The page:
The Critics Say: “Though the record is her most lyrically straightforward, Crutchfield’s skill as a songwriter lies in the elasticity and ambiguity of her writing, resulting in a cathartic work that can be applied to anyone who has experienced a bad relationship.” Pretty Much Amazing

Metascore: 81%

68. Rest by Charlotte Gainsbourg

Genre: Art Pop

The 411: Charlotte Gainsbourg is immune to the effects of gravity. This is the moment she should have fallen flat on her face: writing her own songs as she returned with her first album in six years. It wasn’t to be, the art house actress remains a pop auteur – Rest is darker in subject, but lighter in texture: a sorrowful and seductive triumph.

The Critics Say: “On Rest, Gainsbourg doesn’t just reveal her pain, but monumentalizes it, lays out a red carpet, and invites people to watch. Her refusal to be sequestered by grief is, quite literally, a death-defying feat.” Pitchfork 

Metascore: 78%

67. Turn Out The Lights by Julien Baker 

Genre: Folk

The 411: “All my prayers are just apologies”, sings Julien Baker on a traumatic album focused solely on healing in the wake of a break-up. The subject matter almost seems a little lightweight given some of the topics yet to be tackled on this countdown, but Baker’s record is a reminder that the artist’s job is to shine a light on distinct personal experience, however small. Baker’s starting point might be meager, but these ballads spread their wings in the dark of pitiless night sky. There is a bottomless well of resolve to be found on this record and Baker desperately needs it to keep her head above water.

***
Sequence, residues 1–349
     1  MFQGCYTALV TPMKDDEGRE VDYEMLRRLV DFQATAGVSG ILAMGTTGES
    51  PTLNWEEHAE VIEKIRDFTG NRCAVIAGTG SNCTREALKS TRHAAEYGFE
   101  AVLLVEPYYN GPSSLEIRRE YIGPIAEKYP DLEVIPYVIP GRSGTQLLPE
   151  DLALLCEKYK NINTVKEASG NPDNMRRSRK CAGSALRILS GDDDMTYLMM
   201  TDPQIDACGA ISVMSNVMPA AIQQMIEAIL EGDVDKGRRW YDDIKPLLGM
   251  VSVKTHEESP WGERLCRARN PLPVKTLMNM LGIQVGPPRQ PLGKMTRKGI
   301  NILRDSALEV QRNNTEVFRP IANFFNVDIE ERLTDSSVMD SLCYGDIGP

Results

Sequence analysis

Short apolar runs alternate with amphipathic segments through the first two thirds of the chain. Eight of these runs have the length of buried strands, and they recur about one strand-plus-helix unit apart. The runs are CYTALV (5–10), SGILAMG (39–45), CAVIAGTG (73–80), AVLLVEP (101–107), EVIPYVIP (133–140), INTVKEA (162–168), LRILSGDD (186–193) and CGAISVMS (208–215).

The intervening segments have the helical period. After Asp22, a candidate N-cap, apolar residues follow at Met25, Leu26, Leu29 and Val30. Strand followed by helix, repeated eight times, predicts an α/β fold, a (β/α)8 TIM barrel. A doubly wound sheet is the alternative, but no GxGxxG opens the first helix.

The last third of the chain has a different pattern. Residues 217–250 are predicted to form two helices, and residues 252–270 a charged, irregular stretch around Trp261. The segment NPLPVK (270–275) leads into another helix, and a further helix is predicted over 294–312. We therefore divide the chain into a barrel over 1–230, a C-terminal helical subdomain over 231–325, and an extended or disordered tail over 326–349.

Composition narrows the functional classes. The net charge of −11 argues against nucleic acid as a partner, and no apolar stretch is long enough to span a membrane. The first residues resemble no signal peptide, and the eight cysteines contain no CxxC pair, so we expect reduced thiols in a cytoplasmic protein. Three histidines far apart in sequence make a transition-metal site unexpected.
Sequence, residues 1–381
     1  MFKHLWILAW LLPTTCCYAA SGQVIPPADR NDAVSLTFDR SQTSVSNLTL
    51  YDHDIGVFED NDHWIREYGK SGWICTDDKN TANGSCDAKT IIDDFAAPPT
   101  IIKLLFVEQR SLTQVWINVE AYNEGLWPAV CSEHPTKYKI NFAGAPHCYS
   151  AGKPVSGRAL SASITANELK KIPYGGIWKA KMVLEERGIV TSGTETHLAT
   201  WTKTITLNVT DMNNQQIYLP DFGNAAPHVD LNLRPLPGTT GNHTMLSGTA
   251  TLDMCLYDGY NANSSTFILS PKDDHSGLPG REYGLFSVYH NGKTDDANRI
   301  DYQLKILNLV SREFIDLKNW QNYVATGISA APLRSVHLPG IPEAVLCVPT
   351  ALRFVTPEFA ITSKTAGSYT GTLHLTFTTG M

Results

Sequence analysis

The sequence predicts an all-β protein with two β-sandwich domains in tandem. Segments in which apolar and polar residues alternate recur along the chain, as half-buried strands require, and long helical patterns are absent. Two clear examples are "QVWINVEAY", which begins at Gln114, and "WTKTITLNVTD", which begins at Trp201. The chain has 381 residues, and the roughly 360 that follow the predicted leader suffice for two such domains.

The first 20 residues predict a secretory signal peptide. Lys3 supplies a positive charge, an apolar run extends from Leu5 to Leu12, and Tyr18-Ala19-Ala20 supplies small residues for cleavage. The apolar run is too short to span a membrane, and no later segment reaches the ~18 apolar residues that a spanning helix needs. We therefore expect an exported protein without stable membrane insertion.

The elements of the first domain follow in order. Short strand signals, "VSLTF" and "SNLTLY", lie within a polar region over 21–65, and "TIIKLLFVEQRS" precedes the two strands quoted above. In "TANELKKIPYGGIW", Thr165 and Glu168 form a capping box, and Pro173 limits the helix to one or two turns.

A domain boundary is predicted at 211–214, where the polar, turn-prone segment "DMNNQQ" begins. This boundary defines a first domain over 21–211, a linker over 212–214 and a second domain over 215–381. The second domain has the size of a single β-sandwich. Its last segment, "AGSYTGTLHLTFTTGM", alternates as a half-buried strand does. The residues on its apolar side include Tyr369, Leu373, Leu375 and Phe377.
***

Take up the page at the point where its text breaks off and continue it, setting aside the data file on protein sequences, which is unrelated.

The Critics Say: Turn Out the Lights is an immense record that runs a gamut of emotions, from distress to love, anguish to healing. These are songs that you feel more than listen to. Everyone has encountered some sort of mental illness, addiction or crisis of faith, whether in your life or another’s. Not only does Baker prove that you’re not alone, but she finds a way to make it better.” No Ripcord

Metascore: 83%

66. Everybody Works by Jay Som

Genre: Indie

The 411: “Melina threatens to sigh her way into oblivion on the wonkily oppressive “(Bedhead)”, but it is to the artist’s credit that, unlike so many of her bedroom pop peers, she continues to ease her way towards enduring pop hooks and sharply intimate verses. No amount of reverb or understatement can obscure the addictive charm of an album that promises that we’ll “sink for sure”.”

The Critics Say: “I’ll give her this much: she probably tricked a few people into thinking this was a full band experience even though, excepting some vocals, she composed, performed and produced the entire thing by herself. She certainly tricked me.” Pretty Much Amazing

Metascore: 79% 

65. RTJ3 by Run The Jewels

Genre: Rap

The 411: “EL-P’s production remains thrilling distinct: a nightmarish batasdardization of funk from an insular and distinctly white headspace that’s perfect for the duo’s pass the mic interplay. Despite the rise of Trump, RTJ3 is not a firebrand rebuttal; in truth it’s more of a party piece that revels in Mike’s technical prowess, EL-P’s laptop wizardry and the duo’s near symbiotic chemistry – or, as Killer Mike puts it, RTJ say; “hello from The Little Shop Of Horrors”.”

The Critics Say: “There’s tonnes of fun to be had from absorbing the duo’s fury, and El-P’s sci-fi beats are as thrillingly big ‘n’ bad as ever. But if 2017’s nightmarish status quo has you feeling powerless, anxious or alone, ‘RTJ3’ is the therapeutic rallying cry you need right now.” NME

Metascore: 86%

64. Slowdive by Slowdive

Genre: Indie